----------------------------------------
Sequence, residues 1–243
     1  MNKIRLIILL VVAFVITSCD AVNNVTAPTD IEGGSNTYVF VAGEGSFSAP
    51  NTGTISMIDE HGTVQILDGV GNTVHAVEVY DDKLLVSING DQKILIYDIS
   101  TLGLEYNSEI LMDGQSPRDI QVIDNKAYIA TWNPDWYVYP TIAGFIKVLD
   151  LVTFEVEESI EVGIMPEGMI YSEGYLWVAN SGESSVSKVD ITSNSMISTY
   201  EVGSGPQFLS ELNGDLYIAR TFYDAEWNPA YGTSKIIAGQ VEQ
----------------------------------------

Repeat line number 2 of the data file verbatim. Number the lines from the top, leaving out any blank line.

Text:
     1  MNKIRLIILL VVAFVITSCD AVNNVTAPTD IEGGSNTYVF VAGEGSFSAP